Democrats have only a 16 percent chance of taking the Senate majority outright, and there’s a 24 percent chance the chamber ends up tied at 50 seats per party.
Obviously, that’s not the happiest forecast for the Democrats. The odds are that they will pick up some seats. They just might not win enough to control the Senate. Democrats need to gain five seats to take the majority whoever wins the White House. They need only four if Hillary Clinton becomes president and Tim Kaine holds the tie-breaking vice presidential vote.
According to the HuffPost model, the most likely outcome next January is a Senate with 51 Republicans and 49 Democrats (including those independents who vote with the Democrats). The next most likely outcome: a 50/50 split.
The most likely Democratic gains are in Wisconsin and Illinois, with a pickup in Indiana possible and extremely close races in Pennsylvania and New Hampshire.
The HuffPost model currently indicates a 99 percent chance that the Wisconsin seat will flip from incumbent Republican Sen. Ron Johnson back to former Democratic Sen. Russ Feingold, whom Johnson defeated in 2010.
Illinois also looks like a probable switch from Republican to Democrat. There aren’t enough polls for our model to calculate a poll-based likelihood, but according to the nonpartisan Cook Political Report, the race “leans Democratic.” That’s good for the Democratic challenger, Rep. Tammy Duckworth, and bad for the GOP incumbent, Sen. Mark Kirk.
When we don’t have enough polls, HuffPost bases the probability of a win on an analysis of past Cook ratings and election results. Historically, races that are rated “leaning” one direction by Cook end up going in that direction 81 percent of the time, so we give Duckworth an 81 percent chance of winning ― until there are more survey data.
Polls have shown tight races in Pennsylvania and New Hampshire. In Pennsylvania, Republican Sen. Pat Toomey is the slight underdog. The HuffPost model picks challenger Katie McGinty, but only with 54 percent certainty. New Hampshire is even more of a tossup, with our model giving Republican Sen. Kelly Ayotte and Democratic challenger Gov. Maggie Hassan even odds.
The wild card for the model right now is Indiana. There’s not much polling in the state, so we’re relying on the Cook rating of “tossup” to give the race 50/50 odds. But if more polling shows Democratic candidate Evan Bayh ahead in Indiana, as many expect they will ― or Cook updates its rating to indicate a Democratic swing ― the model will move Indiana into the Democratic column. And that will increase the Democrats’ overall chances of winning the Senate.
Our model gives Democrats much lower odds of taking the Senate than it did in mid-August, when the chance of a majority shift was 55 percent. It’s also currently more bullish on the Republicans’ chances than other Senate forecast models, which give Democrats a likelihood between 55 percent and 72 percent of retaking the majority. As more polling data have become available, we’ve seen the Republicans better their chances in key states.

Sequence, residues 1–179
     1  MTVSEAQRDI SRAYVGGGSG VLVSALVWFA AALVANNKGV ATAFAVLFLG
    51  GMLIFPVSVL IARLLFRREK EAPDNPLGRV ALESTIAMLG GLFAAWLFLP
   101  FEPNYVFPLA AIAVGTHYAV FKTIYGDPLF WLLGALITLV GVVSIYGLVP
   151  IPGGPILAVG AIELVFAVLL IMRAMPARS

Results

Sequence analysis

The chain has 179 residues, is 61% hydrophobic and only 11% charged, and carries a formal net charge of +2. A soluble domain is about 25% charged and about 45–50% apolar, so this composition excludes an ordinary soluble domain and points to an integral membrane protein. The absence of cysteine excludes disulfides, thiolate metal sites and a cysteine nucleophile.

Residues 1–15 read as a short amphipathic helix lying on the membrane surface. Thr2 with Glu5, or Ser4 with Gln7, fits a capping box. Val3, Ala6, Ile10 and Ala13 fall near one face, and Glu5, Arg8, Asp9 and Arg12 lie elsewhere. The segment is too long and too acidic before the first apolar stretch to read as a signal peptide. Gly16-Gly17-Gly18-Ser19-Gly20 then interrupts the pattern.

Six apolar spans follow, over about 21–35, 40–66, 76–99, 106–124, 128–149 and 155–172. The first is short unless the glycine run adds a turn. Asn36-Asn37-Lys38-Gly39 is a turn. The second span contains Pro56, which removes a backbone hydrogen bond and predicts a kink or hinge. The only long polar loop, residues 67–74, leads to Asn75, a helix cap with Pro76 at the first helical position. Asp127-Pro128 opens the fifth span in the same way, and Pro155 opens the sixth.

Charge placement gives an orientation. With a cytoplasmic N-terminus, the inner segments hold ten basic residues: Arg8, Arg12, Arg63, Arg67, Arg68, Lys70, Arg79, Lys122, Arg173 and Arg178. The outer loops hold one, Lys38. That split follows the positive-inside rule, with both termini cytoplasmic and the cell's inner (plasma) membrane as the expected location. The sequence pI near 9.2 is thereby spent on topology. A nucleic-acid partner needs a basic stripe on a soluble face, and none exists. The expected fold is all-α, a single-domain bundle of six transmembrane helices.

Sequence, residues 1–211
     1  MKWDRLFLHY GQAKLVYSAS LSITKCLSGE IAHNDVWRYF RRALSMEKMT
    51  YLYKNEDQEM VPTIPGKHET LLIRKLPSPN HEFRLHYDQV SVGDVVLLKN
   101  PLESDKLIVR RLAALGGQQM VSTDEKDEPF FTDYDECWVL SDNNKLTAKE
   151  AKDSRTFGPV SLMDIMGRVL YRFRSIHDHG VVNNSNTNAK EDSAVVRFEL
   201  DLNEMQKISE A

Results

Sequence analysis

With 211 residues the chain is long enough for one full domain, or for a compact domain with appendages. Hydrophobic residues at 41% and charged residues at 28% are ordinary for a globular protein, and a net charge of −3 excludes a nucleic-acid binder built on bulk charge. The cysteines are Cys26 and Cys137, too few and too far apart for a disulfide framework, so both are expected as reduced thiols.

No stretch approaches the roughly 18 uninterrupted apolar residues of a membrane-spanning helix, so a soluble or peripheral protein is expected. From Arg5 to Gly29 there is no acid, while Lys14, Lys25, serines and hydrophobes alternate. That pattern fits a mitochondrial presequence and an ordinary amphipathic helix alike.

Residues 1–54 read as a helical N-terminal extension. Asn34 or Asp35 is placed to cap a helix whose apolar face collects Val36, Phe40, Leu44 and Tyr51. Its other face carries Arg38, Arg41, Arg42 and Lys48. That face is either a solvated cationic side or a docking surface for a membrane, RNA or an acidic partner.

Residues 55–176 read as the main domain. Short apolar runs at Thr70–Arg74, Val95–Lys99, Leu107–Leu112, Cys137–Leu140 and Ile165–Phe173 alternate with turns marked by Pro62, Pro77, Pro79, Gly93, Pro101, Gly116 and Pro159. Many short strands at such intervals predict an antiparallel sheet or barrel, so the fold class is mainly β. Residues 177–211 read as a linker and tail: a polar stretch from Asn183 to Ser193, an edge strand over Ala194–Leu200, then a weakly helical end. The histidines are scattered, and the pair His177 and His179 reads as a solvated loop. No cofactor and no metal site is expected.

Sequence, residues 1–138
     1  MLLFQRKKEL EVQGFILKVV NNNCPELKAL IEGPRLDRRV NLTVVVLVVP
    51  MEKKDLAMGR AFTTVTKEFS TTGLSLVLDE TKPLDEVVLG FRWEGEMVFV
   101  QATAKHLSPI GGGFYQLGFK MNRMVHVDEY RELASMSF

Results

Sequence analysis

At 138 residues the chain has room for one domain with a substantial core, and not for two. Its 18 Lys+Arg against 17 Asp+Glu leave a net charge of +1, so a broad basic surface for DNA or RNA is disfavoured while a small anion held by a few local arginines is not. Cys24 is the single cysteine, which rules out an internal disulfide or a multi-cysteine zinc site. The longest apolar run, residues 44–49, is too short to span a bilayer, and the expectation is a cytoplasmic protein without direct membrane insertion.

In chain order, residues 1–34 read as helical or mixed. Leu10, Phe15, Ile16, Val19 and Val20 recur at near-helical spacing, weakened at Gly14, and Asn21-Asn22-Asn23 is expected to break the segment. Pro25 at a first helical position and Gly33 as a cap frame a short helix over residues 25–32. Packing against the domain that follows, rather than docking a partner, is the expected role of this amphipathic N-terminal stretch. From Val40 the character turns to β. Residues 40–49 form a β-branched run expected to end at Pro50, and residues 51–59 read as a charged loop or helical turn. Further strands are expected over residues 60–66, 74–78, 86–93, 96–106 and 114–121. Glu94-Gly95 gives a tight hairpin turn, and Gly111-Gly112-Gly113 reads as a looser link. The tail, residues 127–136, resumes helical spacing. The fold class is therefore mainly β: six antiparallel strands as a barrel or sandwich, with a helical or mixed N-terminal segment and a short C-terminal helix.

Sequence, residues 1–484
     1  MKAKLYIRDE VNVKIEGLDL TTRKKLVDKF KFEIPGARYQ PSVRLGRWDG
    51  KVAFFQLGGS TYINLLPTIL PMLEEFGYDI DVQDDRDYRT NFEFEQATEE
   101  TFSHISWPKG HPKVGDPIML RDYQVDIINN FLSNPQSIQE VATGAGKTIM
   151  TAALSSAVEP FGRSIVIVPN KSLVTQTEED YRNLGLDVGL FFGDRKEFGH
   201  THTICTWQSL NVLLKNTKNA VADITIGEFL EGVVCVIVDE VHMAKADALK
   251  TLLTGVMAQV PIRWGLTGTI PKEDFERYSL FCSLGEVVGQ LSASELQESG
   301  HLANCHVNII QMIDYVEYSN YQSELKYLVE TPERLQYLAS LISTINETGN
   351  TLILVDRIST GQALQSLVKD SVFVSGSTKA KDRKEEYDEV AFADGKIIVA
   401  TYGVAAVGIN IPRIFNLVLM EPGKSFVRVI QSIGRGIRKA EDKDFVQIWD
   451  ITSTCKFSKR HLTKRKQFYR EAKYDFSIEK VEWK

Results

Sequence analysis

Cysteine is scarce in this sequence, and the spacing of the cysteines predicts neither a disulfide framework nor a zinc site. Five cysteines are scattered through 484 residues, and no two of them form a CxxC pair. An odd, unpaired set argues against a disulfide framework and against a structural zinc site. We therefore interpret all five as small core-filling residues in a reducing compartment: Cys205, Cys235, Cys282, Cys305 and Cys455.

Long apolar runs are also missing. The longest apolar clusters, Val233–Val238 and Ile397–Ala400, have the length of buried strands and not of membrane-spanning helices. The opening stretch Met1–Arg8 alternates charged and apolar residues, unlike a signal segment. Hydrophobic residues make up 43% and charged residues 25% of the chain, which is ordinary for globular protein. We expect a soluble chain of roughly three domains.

The differences between HuffPost’s results and those of other models are due to methodological choices. The HuffPost model relies solely on polling data, with assistance from Cook ratings only when there aren’t enough polling data to support our model (usually we need about five surveys).
One big effect of that choice is our Indiana prediction. Other models have Indiana’s Senate race firmly in the Democratic column, while we’re using the Cook tossup rating. (This is a change from our August model run, when we did use the limited available polls to show a substantial Democratic advantage.)
HuffPost’s model estimates what would happen if the polls stayed basically the same until November and then adjusts for the uncertainty that undecided voters cause. Other models that now show more Democrat-friendly results incorporate “fundamentals” like past election results, candidates’ political experience and fundraising prowess. The other models may not give much weight to these fundamentals by the end of the campaign, but they can be helpful for forecasting several months out.
Another notable difference where our model is more bullish on Republicans occurs in Florida. The HuffPost model gives GOP Sen. Marco Rubio a 97 percent chance of winning the state based on his substantial polling lead over Democratic challenger Rep. Patrick Murphy. Other models give Rubio probabilities of victory that range from 67 percent to 83 percent.
HuffPost’s model also rates Republicans as more likely to win in North Carolina (84 percent, compared to 66-79 percent in other models) and Missouri (95 percent, compared to 72-84 percent in other models).
Nobody’s predictions on the Senate should be seen as final yet. The electoral situation could change quickly and often in the remaining weeks. There are razor-thin margins between the candidates in some races, and polls will pour in between now and Nov. 8.
CORRECTION: An earlier version of this story included an incorrect first name for Rep. Patrick Murphy.